Etymological Limitations

Discussion in 'Other Christian Denominations' started by Heavenly Pilgrim, May 20, 2007.

  1. Heavenly Pilgrim

    Heavenly Pilgrim
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    We have seen on the list the word ‘eternal’ dissected by etymological means, in which Hope of Glory (HOG) presented the following for our consideration.





    Now this thought, among others, came to me. Could the GK authors have misunderstood, by the changing of language and meanings over time, just as HOG implies has been our blight, for it had obviously been quite some time since the tower of Babel. How do we know that IF the GK honestly interpreted the word 'eternal' as a mere ‘great age,’ they might have hadt had it all wrong due to the evolution of language, and eternal really meant what is the universally understood concept of ‘everlasting or forever?’

    Why is it that we think we can so trust our understanding today of a language the Scriptures were written in two thousand years ago, when in fact it had changes in it, due to man’s involvement and use, whether proper or improper, which had its impact upon the GK language common to them, even as time and common parlance has seen changes in our own language, and we find ourselves now distanced from the best authorities on that language?

    We see arguments on a regular basis about this definition or that definition being proper usage within our language. Why should we assume that the GK was no different? Does anyone know for fact whether or not the GK language had seen great evolvement subsequent to the tower of Babel, and if the possibility does not exist the definition as used by the GK language at the time of Scripture was not in fact corrupt according to the ‘original language’ whatever that might have been?

    Has anyone considered just the numerous discrepancies in the multitude of GK manuscripts that exist?

    Does anyone besides myself start to get a grasp on the limits of any etymological study and why one certainly should not try to establish doctrine by such a means, fraught with humanistic frailties, abuses, and most certain biased conclusions due to the human nature of man? ………………………………or are only those that study within the field of etymological studies, or those that utilize their works for their own pursuits, free from bias or error?
     
  2. BobRyan

    BobRyan
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    At some point you have to "trust someone" to do the translation.

    Another example of this is in 1John 2:2 where we find the NIV saying correctly that Christ is the "Atoning Sacrifice" for our sins and other translations using the Greek pagan concept of "propitiating an angry diety with a living sacrifice".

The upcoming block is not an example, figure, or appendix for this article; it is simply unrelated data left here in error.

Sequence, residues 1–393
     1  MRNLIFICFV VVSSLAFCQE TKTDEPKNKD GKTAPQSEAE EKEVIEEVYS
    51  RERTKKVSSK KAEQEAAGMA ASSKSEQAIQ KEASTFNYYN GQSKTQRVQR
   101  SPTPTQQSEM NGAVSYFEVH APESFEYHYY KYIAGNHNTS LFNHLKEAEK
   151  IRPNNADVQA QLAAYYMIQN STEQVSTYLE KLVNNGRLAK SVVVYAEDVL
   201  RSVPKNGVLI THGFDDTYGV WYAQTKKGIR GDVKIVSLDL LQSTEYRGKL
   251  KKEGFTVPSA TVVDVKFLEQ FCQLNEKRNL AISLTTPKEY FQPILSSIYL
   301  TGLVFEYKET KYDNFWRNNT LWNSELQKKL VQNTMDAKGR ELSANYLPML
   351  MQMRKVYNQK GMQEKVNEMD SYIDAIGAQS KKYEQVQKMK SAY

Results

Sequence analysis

The word could be used either way. The determining factor in the "context". In the Gospel context "God so LOVED that HE gave".

    In the greek pagan context "Christ so Propitiated the angy diety that he finally relented of the evil that he intended toward mankind".

    In the first case it is an "atonement" model from a Loving God -- in the second case it is a "rescue from angry diety" model where christ loves us enough to stand up and die for us - appeasing God's need for revenge directed toward us. It is a "payment" model of the grocery story variety. Once appeased - He must turn away from the revenge He sought.
     
  3. Heavenly Pilgrim

    Heavenly Pilgrim
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    HP: I fully agree.



    HP: Funny I have not been using the NIV and I have never heard anyone suggest that the atoning sacrifice be thought of in the sense of “propitiating an angry deity with a living sacrifice,” nor have I understood it to mean as such.



    HP: If that is all one bases their ideas of the atonement on, one is in serious trouble.



    HP: Are you sure you are not just manufacturing a paper duck? It would appear as such to me. Maybe I am missing your point.



    HP: I suspect that the false notion of Augustinian original sin has to play a strong role in the development of the literal payment theory as we know it today. I suppose that if the truth was known, Augustines false ideas that sin lied in the constitution of the flesh and not in the will was indeed a false pagan GK idea, so maybe you are not as far off as I first assumed after all.
     
    #3 Heavenly Pilgrim, May 28, 2007
    Last edited by a moderator: May 28, 2007
  4. Gerhard Ebersoehn

    Gerhard Ebersoehn
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    GE:

    Yes, there often are older and newer meanings to words. But they seldom are exclusive of one another. I also cannot see why both meanings you point out here should be played off against one another. Both were true and correct for that matter. You seem not to believe that God may be angry with sinners.
     

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